Just a sidebar: My children and I are reading about Elizabeth Cady Stanton, and I chuckled to find her companionship with Susan B. Anthony and the parallels of their passions extremely similar to Brittain's and Holtby's relationship and inspirations. Stanton was the married mother, like Brittain, and Anthony remained single, like Holtby. Anthony was so close to Stanton and her children that she was known as "auntie," just like Holtby was. 

Vera Brittain
Back to Testament of Friendship...there was much history in this biography: the attack on England during the War, conditions of post-WWI Europe, the problems with the League of Nations, the state of English occupied South Africa, the issues of feminism, and so much more. Brittain purposefully used the opportunity to give a thorough picture of the historical setting of her friendship.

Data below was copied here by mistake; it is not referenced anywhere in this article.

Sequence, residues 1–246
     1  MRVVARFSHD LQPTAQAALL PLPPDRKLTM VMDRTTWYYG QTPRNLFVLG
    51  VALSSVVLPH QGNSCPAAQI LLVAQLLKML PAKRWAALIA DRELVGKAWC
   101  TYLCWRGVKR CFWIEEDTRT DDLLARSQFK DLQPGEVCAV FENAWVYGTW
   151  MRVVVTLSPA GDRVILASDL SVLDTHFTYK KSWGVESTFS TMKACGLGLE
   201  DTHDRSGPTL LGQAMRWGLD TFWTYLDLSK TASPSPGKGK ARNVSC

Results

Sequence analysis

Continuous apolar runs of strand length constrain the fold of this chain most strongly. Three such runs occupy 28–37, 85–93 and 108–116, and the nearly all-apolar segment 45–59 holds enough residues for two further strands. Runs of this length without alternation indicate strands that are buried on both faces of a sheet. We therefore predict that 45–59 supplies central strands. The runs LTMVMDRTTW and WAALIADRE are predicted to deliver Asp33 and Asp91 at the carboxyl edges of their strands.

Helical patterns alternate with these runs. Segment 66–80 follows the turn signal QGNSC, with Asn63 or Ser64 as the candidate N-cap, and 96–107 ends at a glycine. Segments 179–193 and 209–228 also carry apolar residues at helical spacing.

I finished this book a few months ago and found it wasn't as intense as Testament of Youth, the powerful memoir of Brittain's experience during WWI. Friendship does not compare to Testament. Instead, I was left smiling and coveting that Holtby left such an impression on Brittain, inspiring her to write and paint a most beautiful picture of their relationship. It should make all of us wish for such a friendship with another human being. I suppose that is what I take away most from having read this. 

I did wonder the validity of their platonic relationship, and apparently I was not the only one. Brittain denied any questions about a lesbian romance, and frankly, it is not important because it is their business. But there was no denying that they cared intimately for one another, and their friendship was a blessing to have during life's greatest trials of war, heartbreak, pain, and suffering. We need to have more friendships like this.